JDK-4689767 : main thread stack size not the same as other threads on all platforms (-Xss)
  • Type: Bug
  • Component: hotspot
  • Sub-Component: runtime
  • Affected Version: 1.4.0,1.4.1,1.4.1_02,1.4.2_03,5.0
  • Priority: P4
  • Status: Closed
  • Resolution: Duplicate
  • OS:
    generic,linux,windows_nt,windows_2000 generic,linux,windows_nt,windows_2000
  • CPU: generic,x86
  • Submitted: 2002-05-22
  • Updated: 2005-08-29
  • Resolved: 2005-08-29
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The stack for the main thread is created by the o/s when the process is
created; the vm cannot later increase the size of this stack.  The stack
sizes for other java threads created by the vm are (mostly) controlled
by the vm, and use the -Xss<N> value or a default.  (The 'mostly' is
because of operating system eccentricities.)

The different stack sizes for the main thread vs. other threads means
that some (typically recursive) routines may be able to run in one
thread, but not in another.  It also means that the -Xss<N> argument
to set the thread stack size does not apply to all threads, at least
on some platforms.  This asymmetry should be eliminated.

EVALUATION I'm fixing this for mustang under a different bugid (6316197). The basic idea is to let Java launcher create a new thread and invoke JVM from the new thread. Contrary to earlier evaluation, the cost of creating a new thread is negligible in startups (previous evaluation is probably referring to a VM only solution which is hard to implement without breaking existing applications that embed JVM, 6316197 is to modify standard Java launcher). Please see also 6316878 which deals with Windows stack size problem. With the fix for 6316197, main thread stack size is controlled by -Xss the same way as other Java thread, with some limitations due to OS: + Windows before XP will have 1MB granularity, and the entire stack is committed upfront. Since Windows XP, the thread stack size will have granularity of 64KB, and stack pages are committed on demand. + Old Linux pthread library (LinuxThreads) does not allow application to create threads with stack size larger than ulimit -s value. This is not a problem with NPTL. I'm closing this bug as a duplicate of 6316197.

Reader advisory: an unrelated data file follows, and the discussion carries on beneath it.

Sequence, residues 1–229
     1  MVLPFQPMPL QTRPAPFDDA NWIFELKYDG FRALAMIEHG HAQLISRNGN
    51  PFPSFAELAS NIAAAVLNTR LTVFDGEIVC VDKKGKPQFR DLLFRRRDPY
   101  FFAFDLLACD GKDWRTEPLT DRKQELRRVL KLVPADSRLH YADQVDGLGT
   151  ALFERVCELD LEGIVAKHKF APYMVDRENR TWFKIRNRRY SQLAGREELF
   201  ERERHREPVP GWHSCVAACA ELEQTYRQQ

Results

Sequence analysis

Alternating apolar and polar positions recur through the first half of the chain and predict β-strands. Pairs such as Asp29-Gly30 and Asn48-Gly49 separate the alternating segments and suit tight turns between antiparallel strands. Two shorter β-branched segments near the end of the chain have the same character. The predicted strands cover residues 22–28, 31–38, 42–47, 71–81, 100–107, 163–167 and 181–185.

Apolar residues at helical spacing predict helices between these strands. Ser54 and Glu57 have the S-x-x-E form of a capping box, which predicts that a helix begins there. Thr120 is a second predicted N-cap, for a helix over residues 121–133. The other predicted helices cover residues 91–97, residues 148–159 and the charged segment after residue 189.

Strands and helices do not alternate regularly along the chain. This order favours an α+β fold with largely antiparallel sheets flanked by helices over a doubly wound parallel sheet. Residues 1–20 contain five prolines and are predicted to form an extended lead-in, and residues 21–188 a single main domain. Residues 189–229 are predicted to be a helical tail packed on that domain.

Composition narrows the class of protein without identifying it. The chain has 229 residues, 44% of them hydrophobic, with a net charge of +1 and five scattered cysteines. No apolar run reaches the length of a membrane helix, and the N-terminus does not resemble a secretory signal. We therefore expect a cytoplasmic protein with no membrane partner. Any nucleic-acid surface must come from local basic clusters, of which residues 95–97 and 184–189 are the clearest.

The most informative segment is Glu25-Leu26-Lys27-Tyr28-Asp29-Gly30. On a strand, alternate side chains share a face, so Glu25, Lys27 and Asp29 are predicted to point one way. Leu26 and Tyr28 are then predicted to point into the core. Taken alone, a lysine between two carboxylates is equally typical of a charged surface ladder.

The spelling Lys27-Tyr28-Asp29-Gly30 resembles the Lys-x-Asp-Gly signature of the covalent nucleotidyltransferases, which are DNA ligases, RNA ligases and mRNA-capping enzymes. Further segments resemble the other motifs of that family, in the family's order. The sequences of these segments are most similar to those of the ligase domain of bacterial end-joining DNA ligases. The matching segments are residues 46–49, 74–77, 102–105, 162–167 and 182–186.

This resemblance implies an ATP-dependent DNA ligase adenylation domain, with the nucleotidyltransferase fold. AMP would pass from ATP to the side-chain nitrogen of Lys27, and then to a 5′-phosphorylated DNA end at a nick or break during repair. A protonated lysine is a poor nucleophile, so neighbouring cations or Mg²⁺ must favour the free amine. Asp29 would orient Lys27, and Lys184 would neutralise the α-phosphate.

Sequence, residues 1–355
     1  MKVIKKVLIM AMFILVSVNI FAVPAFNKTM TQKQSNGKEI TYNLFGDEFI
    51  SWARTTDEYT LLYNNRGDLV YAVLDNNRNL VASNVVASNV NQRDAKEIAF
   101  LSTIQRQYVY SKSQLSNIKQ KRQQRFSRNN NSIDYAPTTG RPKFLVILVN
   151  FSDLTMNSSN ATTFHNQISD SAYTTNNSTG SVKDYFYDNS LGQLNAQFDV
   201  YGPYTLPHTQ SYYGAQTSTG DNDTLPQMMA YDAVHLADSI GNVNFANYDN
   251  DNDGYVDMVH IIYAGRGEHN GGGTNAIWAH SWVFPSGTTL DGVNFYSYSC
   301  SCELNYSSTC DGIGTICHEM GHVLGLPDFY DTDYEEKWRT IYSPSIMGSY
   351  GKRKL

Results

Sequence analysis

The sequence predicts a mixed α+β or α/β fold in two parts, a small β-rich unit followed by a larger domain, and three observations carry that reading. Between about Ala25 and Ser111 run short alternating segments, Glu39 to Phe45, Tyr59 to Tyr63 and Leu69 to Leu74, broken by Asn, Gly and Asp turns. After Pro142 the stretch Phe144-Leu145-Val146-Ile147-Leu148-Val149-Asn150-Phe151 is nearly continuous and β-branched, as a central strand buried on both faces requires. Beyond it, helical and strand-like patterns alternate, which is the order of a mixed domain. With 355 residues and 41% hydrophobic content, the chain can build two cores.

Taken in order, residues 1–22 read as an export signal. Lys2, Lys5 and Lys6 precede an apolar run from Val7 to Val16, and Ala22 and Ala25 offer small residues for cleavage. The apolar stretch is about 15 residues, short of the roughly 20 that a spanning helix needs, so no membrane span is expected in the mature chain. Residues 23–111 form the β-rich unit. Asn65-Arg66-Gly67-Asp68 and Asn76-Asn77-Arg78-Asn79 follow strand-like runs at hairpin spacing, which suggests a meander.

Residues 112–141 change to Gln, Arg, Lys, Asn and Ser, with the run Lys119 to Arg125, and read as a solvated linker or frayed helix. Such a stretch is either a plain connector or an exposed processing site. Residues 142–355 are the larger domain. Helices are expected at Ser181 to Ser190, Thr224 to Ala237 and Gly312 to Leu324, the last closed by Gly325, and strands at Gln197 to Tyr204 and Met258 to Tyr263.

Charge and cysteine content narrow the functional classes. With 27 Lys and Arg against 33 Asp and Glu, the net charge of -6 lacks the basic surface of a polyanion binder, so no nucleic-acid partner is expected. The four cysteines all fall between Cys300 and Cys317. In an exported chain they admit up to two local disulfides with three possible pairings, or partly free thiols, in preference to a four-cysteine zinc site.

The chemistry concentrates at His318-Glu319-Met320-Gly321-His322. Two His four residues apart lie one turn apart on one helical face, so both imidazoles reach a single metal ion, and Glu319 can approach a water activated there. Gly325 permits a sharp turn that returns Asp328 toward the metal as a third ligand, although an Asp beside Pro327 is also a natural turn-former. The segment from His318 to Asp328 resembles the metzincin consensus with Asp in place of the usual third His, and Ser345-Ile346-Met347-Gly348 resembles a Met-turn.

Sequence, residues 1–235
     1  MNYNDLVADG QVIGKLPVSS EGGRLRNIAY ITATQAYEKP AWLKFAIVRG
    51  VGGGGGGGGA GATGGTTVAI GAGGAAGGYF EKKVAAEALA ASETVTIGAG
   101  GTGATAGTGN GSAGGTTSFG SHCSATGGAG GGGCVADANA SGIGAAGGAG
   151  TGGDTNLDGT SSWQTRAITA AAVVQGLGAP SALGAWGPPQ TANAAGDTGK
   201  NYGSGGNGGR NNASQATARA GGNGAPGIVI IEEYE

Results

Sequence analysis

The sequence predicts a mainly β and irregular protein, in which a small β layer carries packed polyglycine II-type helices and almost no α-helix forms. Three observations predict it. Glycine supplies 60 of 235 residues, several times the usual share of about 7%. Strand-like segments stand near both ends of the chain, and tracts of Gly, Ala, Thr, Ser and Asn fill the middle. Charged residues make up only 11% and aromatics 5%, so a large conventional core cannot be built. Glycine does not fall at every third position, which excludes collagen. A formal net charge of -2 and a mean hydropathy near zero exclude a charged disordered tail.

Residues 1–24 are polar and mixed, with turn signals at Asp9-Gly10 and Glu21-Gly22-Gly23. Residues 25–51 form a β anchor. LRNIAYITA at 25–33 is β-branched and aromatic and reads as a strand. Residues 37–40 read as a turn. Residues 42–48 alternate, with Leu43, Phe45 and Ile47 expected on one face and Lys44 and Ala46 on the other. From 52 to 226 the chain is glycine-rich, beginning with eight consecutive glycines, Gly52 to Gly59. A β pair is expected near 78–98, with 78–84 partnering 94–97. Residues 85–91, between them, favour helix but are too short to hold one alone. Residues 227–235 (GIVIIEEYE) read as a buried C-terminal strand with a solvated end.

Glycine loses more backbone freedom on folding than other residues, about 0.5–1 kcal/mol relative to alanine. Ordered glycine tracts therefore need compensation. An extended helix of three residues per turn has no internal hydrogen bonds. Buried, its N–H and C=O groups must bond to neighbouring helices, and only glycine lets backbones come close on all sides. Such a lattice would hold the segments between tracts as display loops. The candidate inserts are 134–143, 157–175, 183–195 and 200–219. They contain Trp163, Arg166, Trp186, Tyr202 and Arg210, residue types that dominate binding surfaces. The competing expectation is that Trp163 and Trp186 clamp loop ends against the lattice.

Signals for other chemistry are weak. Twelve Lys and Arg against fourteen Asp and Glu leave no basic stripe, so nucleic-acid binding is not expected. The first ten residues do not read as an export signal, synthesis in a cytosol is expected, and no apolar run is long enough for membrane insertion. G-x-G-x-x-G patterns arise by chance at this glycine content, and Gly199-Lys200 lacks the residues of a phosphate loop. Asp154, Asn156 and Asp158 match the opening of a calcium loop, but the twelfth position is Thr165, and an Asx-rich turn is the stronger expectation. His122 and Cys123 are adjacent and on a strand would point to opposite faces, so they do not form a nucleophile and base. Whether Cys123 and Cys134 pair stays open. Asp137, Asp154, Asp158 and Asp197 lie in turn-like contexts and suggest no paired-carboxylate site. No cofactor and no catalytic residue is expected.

EVALUATION ###@###.### 2002-05-22 The current state of affairs on the different operating systems: Solaris: the size of the main thread stack comes from the ulimit. The main thread stack is artificially reduced by the vm to the -Xss value (or to the default size, which is 256k for 32-bit intel, 512K for 32-bit sparc, 1M for 64-bit sparc) by installing guard pages. So the -Xss value does affect the main thread on solaris, by reducing it. This behavior has not yet been adopted on linux (but likely will be, according to comments in bug 4678676). Linux: On RH linux 6.x and 7.0, the threads library only supports stacks of exactly 2MB, no larger, no smaller. On RH 7.1 and later, 'floating' stacks of variable size are supported. As in solaris, the main thread stack size comes from the ulimit. However, even on 7.1 and later, the vm limits the max stack size for *all* threads, including the main thread, to 2MB to work around a bug in the pthreads library (smaller stacks are allowed). The pthreads bug causes a SEGV if any part of the stack > 2MB is touched; it may be fixed in RH7.3, but the vm has to support older versions. Windows: the default thread stack size is read from the binary (java.exe); the main thread stack is created with this size. Currently (1.4.1beta) the j2se build sets this to 256k. For threads created by the vm, beginthreadex is called to create the threads, and the -Xss value is passed as the desired stack size. Note that on NT4.0 SP6 (win/9x, 2000 and XP are likely similar, but have not been tested), the o/s rounds up thread stack sizes using very coarse granularity: if the requested size is less than than the default stack size by 1 K or more, the stack size is rounded up to the default; otherwise, the stack size is rounded up to a multiple of 1 MB. ------------------------------- Linux should be made similar to solaris, within the limitations of thread library (e.g., the max size on linux would still be 2MB). The vm should issue a warning that the max stack size is being truncate to 2MB when the -Xss value is more than 2MB. On windows, could make the default stack size large and then reduce it with guard pages as on solaris. But this is tricky on windows because a) on windows 95/98/ME, the operating system does not support re-protecting pages on the stack, or changing the protection on pages in the middle of the stack. (These operations are allowed in windows NT4/2000/XP.) b) the default stack size would be used by any threads created by native (JNI) code. If an application created large numbers of threads from within JNI native methods, the address ranges reserved for the stacks could exhaust the address space. This is likely a very rare occurrence. Note that (b) does not apply to a native app which embeds the vm, since the binary (.exe) which starts the process sets the default stack size. An alternative solution that hides the differences between the main thread and other threads is to avoid running any java bytecodes in the main thread. This was looked at during 1.3.1 development; believe it is not possible in general because of JNI. -------------- ###@###.### 08/14/2003 This issue is already fixed in Solaris/Linux. It will NOT be fixed on windows till we stop supporting supporting Win95/Win98/WinME, i.e. not this year. The current Status of this issue on all 3 platforms that we support: A) Solaris: Works as expected. The size of the main thread stack comes from the ulimit. The main thread stack is artificially reduced by the vm to the -Xss value (or to the default size) by installing guard pages. So the -Xss value does affect the main thread on solaris, by reducing it. B) Linux: Works now. Fixed by Hui Huang as part of the bug fix 4678676. Main thread stack is artificially reduced to whatever value specified by -Xss. If -Xss is not specified, main thread stack size is the default size defined by ulimit -s. C) Windows: Does not work and is the only platform that needs to be fixed. The main thread stack is created with default thread stack size (256K) that is read from the binary (java.exe); For threads created by the VM, beginthreadex is called to create the threads, and the -Xss value is passed as the desired stack size. Some of the suggestions proposed for the windows fix are: 1) Use editbin utility to change the stack size. editbin changes the default thread stack size for all threads started by that .exe. I believe hotspot on windows uses the default stack size for all threads created by the vm unless -Xss is passed on the command line, so editbin won't solve the problem for the main thread. 2) Main thread starts a new thread with right size. Peter Kessler: I thought the "real" fix was to have the main thread start a new thread that had the right size and then either exit the main thread or have it block waiting for the VM to otherwise exit. The idea was to do only a bounded amount of work in the main thread. Maybe that idea has been abandoned. It's been a while since I thought about this problem. I would defer to the runtime folks on this one. James McIlree looked at doing that and decided it was not feasible. The big showstopper was the start up regression. 3) John Coomes: There may be some windows magic that can be done, but I'm not aware of it. So I think we're stuck with this situation on windows until we drop support for win95, win98 and winME. NT4, win2k and winXP all allow the stack protections to be changed, so there is some hope on those platforms of using the same technique that we now use on solaris and linux. Would have to change the default stack size in the binary to make it large, then have the vm use a smaller stack size for other threads. This means that threads created by jni would get large stacks, but that may be ok. 4) Dave Dice: That's a tough problem. I've attached some email dialog that's slightly related. As John says, the default stack size for threads created by the process is embedded in the PE executable (it can be set by editbin, the linker, etc.). Unfortunately that's not really appropriate for the JVM. Other than explicit stack-switching at VM attach time I haven't come up with a reasonable solution. <Please see below Email that Dave is referring to> Date: Fri, 8 Nov 2002 17:38:38 -0500 (EST) From: ###@###.### To: ###@###.### Subject: RE: JPSE jdk1.3.1._07 4765019 Code Review Request, due by 11/12/02_3:40_PM Cc: ###@###.### Yumin, Thanks for the information you sent out wednesday. Remarks: 1. I wonder if the reserve_memory-release_memory pair in os::create_thread is really necessary? It strikes me as a work-around that may no longer be needed. Postulating: _beginthreadex would fail horribly and _not return under some low-memory conditions. The reserve-release pair was a somewhat feeble attempt to avoid that failure on some ancient version of windows. We should look into who put the code in the system and consider taking it out, if possible. It may be vestigal. 2. Despite the comments from Oracle and Microsoft I don't think that passing a stack_size of 0 into _beginthreadex is wise. (using 0 is generally a good idea for monolithic apps, but the JVM is a specific exception). First, we're starting to see executables that load some other service that in turn load in the JVM. In this case the reserve/commit sizes encoded in the original PE executable header may not be appropriate for the JVM. I'd like to make sure that users (or, for embedded apps, the code that launches the JVM) has the option to specify stack size. The original builder of the EXE may not have even known that it'd eventually be used with a JVM loaded in its address space. Also, we _do want to commit some stack. If the system runs low on memory (we've over-commited) and the JVM hits a demand-zero fill fault on a stack page I believe that windows will clobber the thread/process. (I know that's true on solaris, and it used to be true on windows, but I haven't verified it since NT 3.5). This kind of abrupt failure isn't appropriate for enterprise applications. In Tiger, we're considering adding a flag to force the entire stack to be reserved. This will prevent the abrupt shutdown problem, but, because of the commit charges, it means we'll be able to run fewer threads|JVMs|processes concurrently (IE, the flag will prevent over-commit). We'll should consider looking into this for Tiger. 3. The targetted work-around you proposed is fine for 1.3.X, but beware that it might increase the odds of abrupt JVM failure in low-memory conditions. (abrupt means the java code wouldn't get a chance to catch exceptions and recover). We need to think about whether we'd want to roll that fix forward into 1.4.2/1.5. Thanks for the fix! Regards, Dave Karen: I've CC:ed you as we'll likely want to address this issue in Tiger. See msdn.microsoft.com/library/en-us/dllproc/base/thread_stack_size.asp?frame=true There's some confusion in HS about reserved vs commited stack size that we should clear up.